For the past few seasons, the Ravens offense was known to have a very vanilla flavor. They would either run the ball up the middle, usually to Jonathan Ogden’s side, or throw a long ball down the field. Teams could stack eight players in the box and have faith that the Ravens quarterback and receivers generally wouldn’t beat them, and that strategy largely worked. However, with the arrival of the new coaching staff and the emergence of Joe Flacco, the Ravens have been able to incorporate a number of new plays into their playbook.
The Ravens have a very creative offense thanks to Cam Cameron. Baltimore’s personnel hasn’t changed a lot when it comes to their offense, so I don’t see many changes when it comes to their play calling. I envision that their coaching approach will remain largely the same, which means a mix of trick plays (such as the “Suggs package”), running the ball, and the occasional down-field pass. It’s also possible that they could start incorporating the tight end into play calling more often now. While Todd Heap is still the starter, the Ravens picked up L.J. Smith from free agency. Smith was secured in the off season because of his pass-catching ability, and Cam Cameron loved incorporating his tight end into the passing game when he was the offensive coordinator for the Chargers. Look for more out routes with a duo of pass-catching tight ends.
Furthermore, look for Le’Ron McClain to take more of a lead-blocker role in the pro set formation, i formation, and goal line formation. With fullback Lorenzo Neal now on the Oakland Raiders, McClain will really have to step up the blocking as he was primarily used as a running back last season. However, his play while running the ball earned him a spot at the Pro Bowl, so it wouldn’t be surprising in the least to see Cameron use McClain’s skill at power running from time to time, especially in goal line situations.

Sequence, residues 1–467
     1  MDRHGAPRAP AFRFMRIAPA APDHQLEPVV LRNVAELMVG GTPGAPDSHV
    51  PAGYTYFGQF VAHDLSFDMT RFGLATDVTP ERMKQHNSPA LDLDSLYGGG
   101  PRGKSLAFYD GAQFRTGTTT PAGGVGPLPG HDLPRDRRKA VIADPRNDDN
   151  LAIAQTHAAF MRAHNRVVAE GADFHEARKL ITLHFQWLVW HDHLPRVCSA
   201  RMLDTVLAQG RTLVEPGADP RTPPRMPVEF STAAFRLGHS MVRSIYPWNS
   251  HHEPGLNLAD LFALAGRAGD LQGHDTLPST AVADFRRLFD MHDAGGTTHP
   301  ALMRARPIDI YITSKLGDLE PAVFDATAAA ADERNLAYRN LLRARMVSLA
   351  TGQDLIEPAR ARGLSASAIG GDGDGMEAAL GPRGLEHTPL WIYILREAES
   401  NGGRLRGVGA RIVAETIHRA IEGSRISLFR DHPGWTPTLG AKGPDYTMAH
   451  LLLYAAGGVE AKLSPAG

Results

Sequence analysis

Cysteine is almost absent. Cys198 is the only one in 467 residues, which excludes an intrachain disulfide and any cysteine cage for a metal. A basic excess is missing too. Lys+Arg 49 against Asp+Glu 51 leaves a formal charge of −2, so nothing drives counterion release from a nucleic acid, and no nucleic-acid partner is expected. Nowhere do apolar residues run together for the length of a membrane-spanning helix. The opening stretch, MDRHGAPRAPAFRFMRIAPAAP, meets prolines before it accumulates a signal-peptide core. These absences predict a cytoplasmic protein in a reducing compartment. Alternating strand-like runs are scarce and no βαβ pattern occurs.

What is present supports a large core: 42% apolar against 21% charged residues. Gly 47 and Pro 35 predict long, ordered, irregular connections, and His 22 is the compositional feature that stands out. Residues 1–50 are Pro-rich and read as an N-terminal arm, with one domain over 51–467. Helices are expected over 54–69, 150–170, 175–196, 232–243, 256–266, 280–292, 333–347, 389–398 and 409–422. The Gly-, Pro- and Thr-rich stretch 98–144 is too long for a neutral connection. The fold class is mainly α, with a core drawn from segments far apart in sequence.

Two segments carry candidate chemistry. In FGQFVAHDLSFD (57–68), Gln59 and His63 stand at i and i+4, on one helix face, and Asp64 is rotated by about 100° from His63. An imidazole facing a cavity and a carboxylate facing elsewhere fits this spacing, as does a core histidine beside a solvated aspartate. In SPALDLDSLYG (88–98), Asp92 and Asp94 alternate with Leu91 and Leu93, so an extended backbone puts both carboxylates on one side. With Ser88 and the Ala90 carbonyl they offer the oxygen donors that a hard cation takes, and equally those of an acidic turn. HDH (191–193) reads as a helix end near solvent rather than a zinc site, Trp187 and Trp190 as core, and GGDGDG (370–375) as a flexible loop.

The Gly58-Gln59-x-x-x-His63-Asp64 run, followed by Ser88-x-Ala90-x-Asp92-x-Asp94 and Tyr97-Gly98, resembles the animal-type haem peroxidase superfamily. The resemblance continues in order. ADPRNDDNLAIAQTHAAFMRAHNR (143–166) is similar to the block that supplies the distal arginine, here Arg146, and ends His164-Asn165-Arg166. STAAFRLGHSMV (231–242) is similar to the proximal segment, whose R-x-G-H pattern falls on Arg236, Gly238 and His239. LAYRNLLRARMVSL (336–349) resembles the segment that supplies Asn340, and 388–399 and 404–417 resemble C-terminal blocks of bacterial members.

That said, I believe the defense will remain largely the same even with defensive coordinator Rex Ryan’s departure. The Ravens are known for their pressure, and if anything, they will turn it up a notch this season. As Head Coach John Harbaugh has said, the Ravens plan to mix even more disguised blitzes into their defensive package, hoping to put all of the pressure on the opponent’s quarterback. With Kelly Gregg’s return from micro fracture surgery, it will be even more difficult to run against the top ranked rush defense. The coaching staff is gambling that less coverage and more pressure means teams will have few options against their defense. Baltimore will also be getting Dawan Landry back from his season-ending neck injury. For Ed Reed to shine like he did last season, Landry will need to take a similar role that Jim Leonard took, covering for Reed’s improvisation.
The defensive unit has a strong chance at remaining in the elite class, but for that to happen, their coverage has to improve. The Ravens added several defensive backs through free agency as well as the draft. Fabian Washington stepped up after several injuries at the corner back position occurred last season to secure his starting spot moving on. While he isn’t the best cover corner, his speed makes up for a lot of the reads that he misses. The Ravens also added Domonique Foxworth to their defense as the other starting corner back. Foxworth is thus far an unproven player, but his mold is similar to that of Washington – he’s not a shutdown kind of player, but speed is his greatest asset. Samari Rolle will see a diminished role in the defense, playing primarily in nickel situations. As a nickel back, Rolle will be a very dangerous player to throw to. In most instances, he should outclass the man he’s covering creating a mismatch. While Rolle’s speed isn’t the best, he is the best coverage player of the current crop of Ravens corner backs.
In short, the Ravens should do many of the things that got them to the AFC Championship game last year. The theme this season will be to put even more pressure on opposing quarterbacks. In that sense, the Ravens defense is taking a page from the Steelers playbook as that was the defensive strategy that won Pittsburg a Super Bowl. And even though Flacco is improving, the Ravens offense will still be run-oriented, eating time off the clock.
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